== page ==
Lets see, you place a 35 to 65mm lens, on flat boards or on boards with a cone, into the front standard, place the front standard into the camera body (or not pull it out of the camera body, and then slide the focusing lever left to right while focusing on the GG. Of course you drop the bed all the way before focusing.

How is that difficult?

13-May-2005, 09:12
I think you will find many more cameras that can accommodate a 65 than a 58. Be real sure that those extra 7mm are very important to you before letting it be a deal-breaker.

I use my Walker with standard bellows from 80mm (very little movements) to 450mm. With the bag bellows from 65mm (my shortest) to 110; I assume it would reach as far as a 210 focussed on infinity, but I have not measured or tried it (email me if you are curious). I also assume you could squeeze a 75mm on with the standard bellows.

I'm with you all the way with back base tilt; that and front rise are my can't-do-without movements. One appealing choice is the Ebony bottom-of-the-line, RW45, at $1550.

Wisner makes a bellows that reaches from 47-305.

If you haven't purchased the 75mm yet, you may want to consider the SSXL 80mm as well. Compare the stats here on this site.

Brian Ellis
13-May-2005, 10:16
Bob Salomon said:

"Let's see, you place a 35 to 65mm lens on flat boards . . . . "

Really? I understood that to use any lens shorter than 75mm on all Technikas except the Master 2000 a wide angle focusing device was required. As I said in my original message, the 2000 could be used but that's a very expensive camera and since the original poster said he couldn't afford a Technikardan he certainly couldn't afford the considerably more expensive 2000. Surely you weren't misleading us into thinking the simple procedure you describe could be used with any Technika, when in reality it can be used only with the Master 2000 which costs about $4,000 new. You wouldn't do something as misleading as that would you?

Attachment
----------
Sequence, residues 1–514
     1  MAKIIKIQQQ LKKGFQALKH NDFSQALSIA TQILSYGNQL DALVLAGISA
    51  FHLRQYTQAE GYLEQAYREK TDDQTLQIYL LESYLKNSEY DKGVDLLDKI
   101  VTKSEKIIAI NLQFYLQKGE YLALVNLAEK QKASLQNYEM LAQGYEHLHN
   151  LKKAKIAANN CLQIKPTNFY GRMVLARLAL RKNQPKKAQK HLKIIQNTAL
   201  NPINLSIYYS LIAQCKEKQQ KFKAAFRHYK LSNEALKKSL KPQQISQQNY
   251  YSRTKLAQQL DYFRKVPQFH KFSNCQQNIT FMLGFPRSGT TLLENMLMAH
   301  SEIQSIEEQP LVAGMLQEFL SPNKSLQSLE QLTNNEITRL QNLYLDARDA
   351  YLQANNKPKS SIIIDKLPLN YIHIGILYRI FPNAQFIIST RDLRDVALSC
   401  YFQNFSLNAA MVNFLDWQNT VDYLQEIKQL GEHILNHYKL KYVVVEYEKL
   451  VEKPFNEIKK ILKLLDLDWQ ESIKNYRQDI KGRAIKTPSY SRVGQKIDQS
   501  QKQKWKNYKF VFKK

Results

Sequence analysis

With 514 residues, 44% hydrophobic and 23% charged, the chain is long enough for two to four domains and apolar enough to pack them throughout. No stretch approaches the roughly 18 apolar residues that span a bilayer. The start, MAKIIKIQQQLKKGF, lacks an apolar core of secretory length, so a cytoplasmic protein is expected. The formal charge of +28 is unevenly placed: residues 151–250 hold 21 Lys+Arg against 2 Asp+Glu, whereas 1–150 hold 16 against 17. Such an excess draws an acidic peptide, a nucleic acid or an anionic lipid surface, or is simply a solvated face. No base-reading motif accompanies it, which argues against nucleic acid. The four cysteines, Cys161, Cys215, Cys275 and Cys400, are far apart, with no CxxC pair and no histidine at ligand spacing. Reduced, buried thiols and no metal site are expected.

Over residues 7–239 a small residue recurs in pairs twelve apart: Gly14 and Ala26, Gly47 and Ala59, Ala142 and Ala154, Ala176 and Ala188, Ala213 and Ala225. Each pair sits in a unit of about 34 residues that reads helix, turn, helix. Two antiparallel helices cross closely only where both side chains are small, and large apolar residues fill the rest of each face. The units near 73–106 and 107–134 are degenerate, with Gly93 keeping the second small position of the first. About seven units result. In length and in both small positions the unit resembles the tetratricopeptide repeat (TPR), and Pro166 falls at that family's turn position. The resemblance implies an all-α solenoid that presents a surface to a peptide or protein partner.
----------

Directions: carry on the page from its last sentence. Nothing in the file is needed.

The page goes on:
"How is that difficult?"

I guess it isn't if as you say it's just a matter of sticking lenses as short as 35mm on a flat board and dropping the front bed. I must have been wrong in thinking that all Technikas except the 2000 required a wide angle focusing device to use lenses shorter than 75mm. So to me the difficulty came first in paying for a wide angle focusing device (about $1,500 or more new IIRC, not seen often used), then in having to lug it around and fiddle with it every time a lens shorter than 75mm was used. And I didn't know that lenses as short as 35mm could be used even with the wide angle focusing device.

But I apparently was wrong in all of this since you work for the U.S. distributor for Linhof and surely know more than I do about Linhof cameras. So please do tell us how 35 to 65mm lenses can be used on Technikas just by the simple procedure you describe (again assuming you weren't being oh-so-clever by failing to tell us that your procedure applies only to the Master 2000). As the owner of two Technikas I'd certainly like to know how this can be done and I'm sure there are many other Technika owners here who will be interested in your explanation.

Bob Salomon
13-May-2005, 11:54

Today the Wide Angle Focusing attachment is no longer made. If one wants one for lenses from 55 to 65mm on a Technika IV through the Master technika Classic it really was difficult.